There is wide agreement that management of asthma exacerbation with or without COVID-19 should continue as before with increased frequency of SABA therapy delivered through metered-dose inhaler using a spacer, particularly during the first hour of presentation to the emergency department.10

We are, in our view, fortunate that both numerous and intense attacks on SABA have not been successful. To phase out SABA, as emphatically called for by these authors, would in our opinion, be a critical error. Indeed, it is our view that what they and other SABA critics suggest is “putting the cart before the horse” since it is likely that overuse of SABA is the result of asthma deterioration not its cause! Furthermore, we would like to emphasize that nowhere in the study referred to in the editorial,11 was it suggested that SABA was the cause, rather than the result of asthma deterioration!

The editorialist clearly wishes to convince us that their prejudiced view that “over-use” or “over-reliance” on SABA, is the cause of the poor outcomes, including more frequent exacerbations, and increased asthma deaths.

Stating their hypothesis in this way is, at first sight logical, yet we suspect that their SABA-related “cause and effect” assumption may have been, influenced by the sponsors of the study who may have a commercial interest in the SABA phase out, as well as previous research, similarly prejudiced! Looking at the question through this lens (ie, SABA causes exacerbations) makes us judgmental. To assume that SABA causes more death and uncontrolled asthma, and then use the association between the two to support our prejudice that SABA overuse is the cause of death rather than the corollary—that deteriorating asthma leads to SABA overuse is, in our view, a very one-sided position.

We believe that it is equally legitimate, scientifically justifiable and appropriate to turn the question around-namely, is it not more likely that patients with more frequent and severe exacerbations, having obviously less well controlled, more severe asthma, would use SABA more frequently?

Is it not also possible that many patients simply do not like to take ICS because of confusion with OCS and the well-known associated numerous and severe adverse effects? Alternatively, patients simply prefer to use SABA for rapid relief of shortness of breath regardless of our somewhat “rigid” clinical guidelines? Studies have repeatedly confirmed the latter point of view. Patients, given their fear of corticosteroids and lack of an obvious rapid response, inherently prefer the almost immediate relief of breathlessness provided by the SABA compared to ICS that provides no immediate discernable benefit!12,13 Thus, these authors (and previous investigators that initiated the SABA cause-effect hypothesis many years ago14) are not, scientifically-speaking, entitled to attribute deterioration in asthma severity to overuse of SABA, since the evidence merely demonstrates an association, not cause and effect! To attribute the cause of asthma deterioration simply to overuse of SABA when the supporting evidence is merely for an “association”, is therefore not justifiable using evidence-based criteria!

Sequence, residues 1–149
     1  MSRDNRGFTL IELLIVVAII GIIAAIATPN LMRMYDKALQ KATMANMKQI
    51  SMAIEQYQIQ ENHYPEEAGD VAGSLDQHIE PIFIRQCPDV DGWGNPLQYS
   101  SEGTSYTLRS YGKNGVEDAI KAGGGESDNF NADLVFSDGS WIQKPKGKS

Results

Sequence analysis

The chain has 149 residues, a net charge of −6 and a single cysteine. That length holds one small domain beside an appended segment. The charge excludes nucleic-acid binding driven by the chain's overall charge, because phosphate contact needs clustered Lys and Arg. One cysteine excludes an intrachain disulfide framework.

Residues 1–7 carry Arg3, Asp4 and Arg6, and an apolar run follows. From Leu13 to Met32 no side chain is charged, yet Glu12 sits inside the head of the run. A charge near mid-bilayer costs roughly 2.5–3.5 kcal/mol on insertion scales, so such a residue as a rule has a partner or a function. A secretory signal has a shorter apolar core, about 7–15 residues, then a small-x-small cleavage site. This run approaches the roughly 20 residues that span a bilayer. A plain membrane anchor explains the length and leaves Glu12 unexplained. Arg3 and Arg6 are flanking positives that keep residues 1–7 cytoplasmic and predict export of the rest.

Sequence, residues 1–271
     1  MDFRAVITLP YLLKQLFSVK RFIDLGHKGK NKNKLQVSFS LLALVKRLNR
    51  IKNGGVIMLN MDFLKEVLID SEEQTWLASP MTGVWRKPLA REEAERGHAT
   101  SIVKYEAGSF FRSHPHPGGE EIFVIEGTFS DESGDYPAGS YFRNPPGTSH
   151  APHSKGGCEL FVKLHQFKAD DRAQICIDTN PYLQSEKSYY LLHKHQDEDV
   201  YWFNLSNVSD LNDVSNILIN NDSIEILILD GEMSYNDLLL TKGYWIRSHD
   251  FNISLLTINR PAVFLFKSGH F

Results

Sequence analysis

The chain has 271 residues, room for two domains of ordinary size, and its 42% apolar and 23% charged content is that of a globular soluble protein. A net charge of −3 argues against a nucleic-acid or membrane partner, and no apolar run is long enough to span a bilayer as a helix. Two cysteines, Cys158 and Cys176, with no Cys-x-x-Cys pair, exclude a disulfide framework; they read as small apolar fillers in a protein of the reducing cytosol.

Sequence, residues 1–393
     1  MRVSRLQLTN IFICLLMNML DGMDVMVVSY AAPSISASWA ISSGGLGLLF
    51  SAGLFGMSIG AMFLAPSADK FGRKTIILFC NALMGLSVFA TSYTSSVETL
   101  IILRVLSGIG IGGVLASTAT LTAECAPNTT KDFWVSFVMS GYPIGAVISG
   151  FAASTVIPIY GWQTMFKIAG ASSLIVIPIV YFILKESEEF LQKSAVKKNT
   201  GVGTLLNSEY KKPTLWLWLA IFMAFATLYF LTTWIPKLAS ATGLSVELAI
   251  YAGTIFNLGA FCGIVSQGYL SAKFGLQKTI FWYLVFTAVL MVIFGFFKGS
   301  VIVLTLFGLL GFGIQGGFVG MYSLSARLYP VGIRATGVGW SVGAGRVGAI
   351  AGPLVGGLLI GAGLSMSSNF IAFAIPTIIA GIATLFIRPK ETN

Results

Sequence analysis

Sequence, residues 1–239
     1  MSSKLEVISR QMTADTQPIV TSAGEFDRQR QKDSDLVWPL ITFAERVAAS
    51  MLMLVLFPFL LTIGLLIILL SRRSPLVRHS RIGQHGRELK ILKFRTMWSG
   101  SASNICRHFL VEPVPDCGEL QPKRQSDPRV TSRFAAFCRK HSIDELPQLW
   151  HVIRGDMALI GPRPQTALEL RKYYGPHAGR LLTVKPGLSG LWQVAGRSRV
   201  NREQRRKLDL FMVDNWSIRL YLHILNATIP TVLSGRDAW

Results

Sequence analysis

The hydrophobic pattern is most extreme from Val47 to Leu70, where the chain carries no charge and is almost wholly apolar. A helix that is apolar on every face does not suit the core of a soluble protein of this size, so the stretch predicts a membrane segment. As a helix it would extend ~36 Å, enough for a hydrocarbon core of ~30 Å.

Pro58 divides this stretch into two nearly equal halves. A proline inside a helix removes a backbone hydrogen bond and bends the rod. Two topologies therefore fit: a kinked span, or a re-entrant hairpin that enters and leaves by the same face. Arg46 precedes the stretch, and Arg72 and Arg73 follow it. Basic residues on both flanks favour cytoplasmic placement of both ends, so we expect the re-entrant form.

Would it not be reasonable to suggest that increased SABA use simply signifies and warns of deterioration of asthma control reflected in a marked increase in patients’ symptoms and, at least initially, be given equal weight. Considered in this way, there should, in our opinion, be a major difference in how the problem is approached and interpreted! That is, the issue is not simply in the excessive use of SABA, but rather in the response of the patients to the increased symptoms reflecting asthma deterioration for which increased (excessive!) SABA is “required”! Is this not where our efforts should be focused in order to achieve a solution to the problem of deterioration of asthma control and increased morbidity and mortality related to overuse of SABA?